Rhode Island Chapter

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Bolstering RI's Solar Industry

Just about everyone I talk to about renewable energy says that they want solar panels on their roof. Not only do you get the warm and fuzzy feeling of helping save the planet, but in the long run it's a great investment. Even without any support through State incentives, solar systems will pay for themselves in a little over a decade, after which they generate energy cost savings for decades. For most people though, that 10 year pay back period is just a little too long, and the upfront capital just a little too large to justify the investment. As a result, Rhode Island's residential renewable energy industry has been anemic in the years since 2010 when the State's renewable energy tax credit program was phased out.

Protected Bike Lanes on Westminster?

Providence is looking to become more friendly for cyclists. Plans are in the works to bring a bike share program to the big city, and the new iteration of Bike Providence was released recently. These are trends that bode well not only for Rhode Island's environment, but also for its economy, as Providence tries to woo young professionals to move in and revitalize the neighborhoods that were emptied out by the exodus to the suburbs.

#CloseBraytonPt

(a very different version of this piece first appeared in the Providence Phoenix here)

 

By ABEL COLLINS/ 8.7.2013 - I walk into the Coffee Depot on Main St. in Warren at 7:30am on Sunday to meet up with Sherrie’Anne Andre and Nick Katkevich, members of the grassroots movement Fossil Free RI. With a little caffeine for courage we’ll soon be driving to a park and ride lot in nearby Somerset to rendezvous with more than a hundred other activists and be herded onto school buses that will take us where we’ll protest to shut down the Brayton Point power plant. First though Sherrie has to run to the bank to withdraw money to pay for her bail. She is going to get arrested today.

Divest: Permission to Freak and Act Out

(this first appeared in the Providence Phoenix)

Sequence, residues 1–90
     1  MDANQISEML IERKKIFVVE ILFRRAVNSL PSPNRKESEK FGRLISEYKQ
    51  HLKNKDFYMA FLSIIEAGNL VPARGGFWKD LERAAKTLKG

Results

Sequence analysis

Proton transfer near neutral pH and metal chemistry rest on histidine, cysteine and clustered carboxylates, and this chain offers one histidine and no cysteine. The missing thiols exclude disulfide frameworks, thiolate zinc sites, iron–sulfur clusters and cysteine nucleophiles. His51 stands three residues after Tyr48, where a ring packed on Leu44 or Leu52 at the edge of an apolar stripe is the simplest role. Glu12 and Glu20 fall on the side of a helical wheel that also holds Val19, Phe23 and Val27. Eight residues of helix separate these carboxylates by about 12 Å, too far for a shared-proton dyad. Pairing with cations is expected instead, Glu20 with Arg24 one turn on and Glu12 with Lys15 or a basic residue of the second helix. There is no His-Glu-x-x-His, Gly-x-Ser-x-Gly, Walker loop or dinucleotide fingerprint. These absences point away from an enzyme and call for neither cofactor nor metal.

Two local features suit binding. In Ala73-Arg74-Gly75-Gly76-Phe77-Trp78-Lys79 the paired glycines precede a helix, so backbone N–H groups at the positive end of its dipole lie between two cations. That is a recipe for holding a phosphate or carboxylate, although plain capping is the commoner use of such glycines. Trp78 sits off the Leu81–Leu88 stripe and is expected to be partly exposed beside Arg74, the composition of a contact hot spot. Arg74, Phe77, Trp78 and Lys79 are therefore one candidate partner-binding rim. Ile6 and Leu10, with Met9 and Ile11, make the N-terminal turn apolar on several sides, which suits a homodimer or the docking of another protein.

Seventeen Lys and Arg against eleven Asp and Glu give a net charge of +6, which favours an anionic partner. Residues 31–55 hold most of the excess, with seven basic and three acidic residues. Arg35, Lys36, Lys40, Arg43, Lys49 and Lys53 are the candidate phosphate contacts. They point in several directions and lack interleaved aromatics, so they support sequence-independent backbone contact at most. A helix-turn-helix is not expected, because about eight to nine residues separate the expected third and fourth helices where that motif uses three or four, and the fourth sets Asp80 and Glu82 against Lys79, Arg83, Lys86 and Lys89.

By ABEL COLLINS/ 7.3.2013 - In 1988 when I was ten, I presented my Matunuck Elementary School fifth grade science fair project on carbon dioxide and the greenhouse effect. That year the Intergovernmental Panel on Climate Change was formed at the UN to assess the impacts of climate change and develope strategies to mitigate and adapt to it. It was also the year the world surpassed 350 parts per million of CO2 in the atmosphere, the level that scientists have determined is the highest concentration possible for a climate conducive to human civilization.

 

Fast forward 25 years, and we are collectively dumping 50% more carbon into the air per year. In May, we breached 400ppm and rather than steering toward the maximum global temperature increase of 3.6 degrees Fahrenheit (2 Centigrade) that was agreed upon in the Copenhagen Accord of 2009, we are on course for 10.8 degrees of heating by the end of the century. Think apocalypse and picture much of Rhode Island under water.

The Ecology Economy: R.I. Can Play the Hero

“By failing to prepare, you are preparing to fail” ~ Ben Franklin

 

By ABEL COLLINS/ 5.16.2013 - Fourth Economy Consulting, a firm out of Pennsylvania hired as part of the federally funded “Sustainable RI” grant, recently submitted its preliminary report of the strengths and weaknesses of Rhode Island’s economy. The first recommendation in the report’s initial guidance section is to “Create One Voice--Set a Clear Course.” This idea is not new. In fact it’s been a common refrain in the state since before I started paying close attention to economic development policy. We need an identity that we can market to the world in order to draw and retain talented people to our workforce.

 

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